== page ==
Thursday, January 7, 2010

Six Reasons you will drive an Electric Vehicle

The first reason comes from the Coda website ...

[1] Flip the bird to Exxon, Chevron, Esso, Shell and the rest.

http://www.codaautomotive.com/

[5] More reasons comes from Jim Motavalli, expert NYTimes writer. See if you agree.


http://tinyurl.com/ykvjxpq


1.
Feeling the heat. The imperatives of climate change mean we’ll have to stop burning fossil fuels, especially coal and oil. The Copenhagen talks did not produce a binding agreement, but trust me on this — one is coming. The successor to the Kyoto talks will be much tougher, and we won’t make the numbers without putting millions of zero-emission cars on the road.
2.
Oil peaking. We may or may not have already reached global oil peak — the point where oil demand exceeds oil supply. The worldwide recession suppressed demand and gave us something of a breather, but the numbers on oil demand (especially from China and India) in the next decade are completely unsustainable, and everybody knows it.
3.
The smart grid. We’re just starting to optimize our antiquated electric system, but the way forward is clear. Utilities are partnering with automakers to enable the easy charging of millions of EVs at night without adding new plants. Off-peak electricity production and transmission capacity could fuel the daily commutes of 73 percent percent of all cars, light trucks, SUVs and vans on the road today if they were plug-in hybrids, a 2007 study by Pacific Northwest National Laboratory found. What’s more, solar car charging is becoming a reality, and that means a 100 percent zero-emissions loop — the answer to any critic who says that EVs get all their power from dirty coal plants. Even today, with 52 percent of U.S. electricity generated by coal-fired power plants, Plug-in America reports that EVs reduce emissions of greenhouse gases and most other pollutants compared with conventional gas or hybrid vehicles.
4.
The better mousetrap. EVs, on the road starting next year, will be better than gas cars in every way. Forget the idea that they’re slow, or that you won’t be able to get where you’re going. I’ve driven every EV, and all of them were exciting on the road. Every carmaker is building one, and they know it will be a very competitive market demanding excellence in engineering. BMW tells me that the consumers test-driving its Mini E plug-in quickly got over their “range anxiety.”
5.
Plugging in. You’ll have a charging station at home, at work and at play. Starbucks and McDonald’s will have them, and so will the big-box store down the street. Car charging will become ubiquitous — offering you $3 and $4 electrical fill-ups. Some retailers will even offer 15-minute fast charging free to get you in the door. [ Jim Motavalli ]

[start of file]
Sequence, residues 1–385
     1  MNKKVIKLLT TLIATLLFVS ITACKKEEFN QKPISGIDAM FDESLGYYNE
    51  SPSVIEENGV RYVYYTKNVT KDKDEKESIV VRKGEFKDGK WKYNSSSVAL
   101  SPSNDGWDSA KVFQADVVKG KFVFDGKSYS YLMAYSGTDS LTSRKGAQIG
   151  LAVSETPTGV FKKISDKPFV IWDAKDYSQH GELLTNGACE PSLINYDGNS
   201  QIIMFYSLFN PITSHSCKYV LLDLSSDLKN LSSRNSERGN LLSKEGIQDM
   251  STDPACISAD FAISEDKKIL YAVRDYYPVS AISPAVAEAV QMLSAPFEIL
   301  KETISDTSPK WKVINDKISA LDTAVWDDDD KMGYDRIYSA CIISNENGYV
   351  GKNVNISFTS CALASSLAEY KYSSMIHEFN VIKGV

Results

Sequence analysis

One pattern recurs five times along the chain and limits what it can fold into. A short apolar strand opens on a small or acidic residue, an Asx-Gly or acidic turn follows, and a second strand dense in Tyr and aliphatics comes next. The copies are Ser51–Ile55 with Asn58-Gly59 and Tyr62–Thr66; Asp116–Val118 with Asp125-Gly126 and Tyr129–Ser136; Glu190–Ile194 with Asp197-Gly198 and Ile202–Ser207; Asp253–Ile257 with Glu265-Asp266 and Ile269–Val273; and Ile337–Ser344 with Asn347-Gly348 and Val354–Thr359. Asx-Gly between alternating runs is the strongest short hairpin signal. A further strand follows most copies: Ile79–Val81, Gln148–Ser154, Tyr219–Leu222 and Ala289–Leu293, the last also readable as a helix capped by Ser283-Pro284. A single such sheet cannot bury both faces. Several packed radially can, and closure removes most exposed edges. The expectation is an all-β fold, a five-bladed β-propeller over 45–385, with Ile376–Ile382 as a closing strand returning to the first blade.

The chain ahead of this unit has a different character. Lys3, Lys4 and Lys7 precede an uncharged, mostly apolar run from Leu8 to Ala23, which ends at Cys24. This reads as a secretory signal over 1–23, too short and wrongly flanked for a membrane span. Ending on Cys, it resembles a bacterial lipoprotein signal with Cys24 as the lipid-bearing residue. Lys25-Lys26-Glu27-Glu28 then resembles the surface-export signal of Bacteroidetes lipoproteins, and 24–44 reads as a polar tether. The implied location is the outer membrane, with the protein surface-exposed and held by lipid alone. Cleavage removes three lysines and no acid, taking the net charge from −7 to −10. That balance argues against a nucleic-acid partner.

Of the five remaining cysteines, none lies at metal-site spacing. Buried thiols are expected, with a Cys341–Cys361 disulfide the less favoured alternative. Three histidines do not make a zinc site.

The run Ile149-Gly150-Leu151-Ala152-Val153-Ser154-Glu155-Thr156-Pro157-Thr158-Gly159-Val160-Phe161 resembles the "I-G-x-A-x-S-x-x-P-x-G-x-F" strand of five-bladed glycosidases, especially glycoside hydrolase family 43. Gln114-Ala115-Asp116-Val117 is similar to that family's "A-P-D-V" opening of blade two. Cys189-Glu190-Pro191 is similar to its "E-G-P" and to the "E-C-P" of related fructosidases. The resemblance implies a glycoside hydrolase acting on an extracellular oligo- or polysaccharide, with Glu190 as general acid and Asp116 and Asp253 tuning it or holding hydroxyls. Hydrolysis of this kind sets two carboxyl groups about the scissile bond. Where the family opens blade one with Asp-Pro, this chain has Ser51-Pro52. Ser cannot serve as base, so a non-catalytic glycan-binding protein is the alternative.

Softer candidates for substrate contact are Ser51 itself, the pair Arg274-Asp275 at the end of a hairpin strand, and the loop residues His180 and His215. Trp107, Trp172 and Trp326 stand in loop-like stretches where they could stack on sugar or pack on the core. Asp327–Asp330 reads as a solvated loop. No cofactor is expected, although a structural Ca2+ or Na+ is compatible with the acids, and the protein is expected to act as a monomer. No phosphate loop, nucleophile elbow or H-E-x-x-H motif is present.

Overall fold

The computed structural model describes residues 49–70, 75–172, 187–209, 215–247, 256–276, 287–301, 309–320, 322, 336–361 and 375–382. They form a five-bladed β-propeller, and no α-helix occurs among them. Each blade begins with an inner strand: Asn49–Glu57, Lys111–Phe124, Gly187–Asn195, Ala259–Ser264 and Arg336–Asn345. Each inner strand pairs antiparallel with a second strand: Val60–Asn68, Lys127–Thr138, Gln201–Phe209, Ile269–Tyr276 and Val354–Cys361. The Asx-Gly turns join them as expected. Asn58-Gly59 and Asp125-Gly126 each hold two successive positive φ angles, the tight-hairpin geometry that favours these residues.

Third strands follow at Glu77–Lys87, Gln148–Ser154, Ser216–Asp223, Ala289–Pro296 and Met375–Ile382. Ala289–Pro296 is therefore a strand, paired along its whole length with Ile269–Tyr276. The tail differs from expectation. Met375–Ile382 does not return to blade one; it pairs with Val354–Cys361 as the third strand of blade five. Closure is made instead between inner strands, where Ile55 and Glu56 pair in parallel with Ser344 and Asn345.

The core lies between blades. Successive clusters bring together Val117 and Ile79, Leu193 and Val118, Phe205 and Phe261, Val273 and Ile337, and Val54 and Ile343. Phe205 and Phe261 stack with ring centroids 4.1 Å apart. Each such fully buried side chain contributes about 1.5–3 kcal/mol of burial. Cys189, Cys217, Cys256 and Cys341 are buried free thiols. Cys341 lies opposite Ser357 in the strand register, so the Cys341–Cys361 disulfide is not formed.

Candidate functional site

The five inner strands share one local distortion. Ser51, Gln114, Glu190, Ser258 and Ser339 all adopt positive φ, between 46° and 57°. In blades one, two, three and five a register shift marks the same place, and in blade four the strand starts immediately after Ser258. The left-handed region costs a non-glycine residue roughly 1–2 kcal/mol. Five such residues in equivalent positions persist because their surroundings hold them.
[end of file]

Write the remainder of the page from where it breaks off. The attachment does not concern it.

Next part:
Much of No. [5] plug-ins, all ready exists in Sanfrancisco and Vancouver B.C. has passed bylaws that make auto-plug-ins mandatory in all new construction.

Remarkable, how quickly things are changing. TG







Click  on  the  picture  for  a  full  screen  look  at  the  Coda.
The  1906  antique  above is  also  an  Electric Vehicle. What's new?

5 comments:

TonyGuitar said...

Norway firm to produce from new Indiana factory.

Only a comment because I doubt they will succeed.

"Think, which was in bankruptcy proceedings until August, starting making a small electric car in Finland recently. It has a range of 112 miles on a charge and will cost about $37,500 when it comes to the U.S. It will be eligible for a $7,500 tax rebate. Its lithium-ion batteries will be U.S.-made."

http://tinyurl.com/yeywmf5

In my view, the style is not classy enough to warrant the high selling price o $37K or $29.5K after rebates. TG

TonyGuitar said...

A little reward for you. . .

http://www.youtube.com/watch?v=3QD7Pp-bnhM

Nokie Edwards is a guitar wizard. Ever heard of the Ventures? TG

Halfwise said...

Hi Tony,
Thanks for stopping by my blog, and best wishes with yours.

I don't know whether Peak Oil is a valid theory or not, so I don't know whether alternate fuel sources for vehicles will be spurred by a shortage of liquid hydrocarbons.

But if you imagine yourself in the middle of the 19th century with whale oil lamps, then you learn that this newfangled petroleum stuff can give you lamp oil that is cheap, just as clean, and available all year long, well, you could easily leave the whale oil behind. And 150 years later it would turn out that the oil companies saved the whales, back then. Go figure.

This is a roundabout way of saying that when the time is right, the world will change fuels. You are on the right track with this blog.

Best wishes
Halfwise

Anonymous said...

AGW credibility has been seriously damaged.Humans are not causing the sky to fall.

Electric is not practical for long trips, which people are taking more often because air travel is a nightmare, so I do not see a future.

TonyGuitar said...

Agreed; AGW is badly flawed.

Smog polluted cities are killing twice as many souls as car accidents do.

Solar flares, volcanoes and hydrogen bomb tests do shift climate.

The EV allows smog to clear, health care costs to moderate, wars in eastern oil kingdoms to ease off and use [even coal generated energy], at 60% more efficiency.

Forget AGW. An EV will run during a gas boycott, while an hybrid will NOT and save $400 in gas every month as well.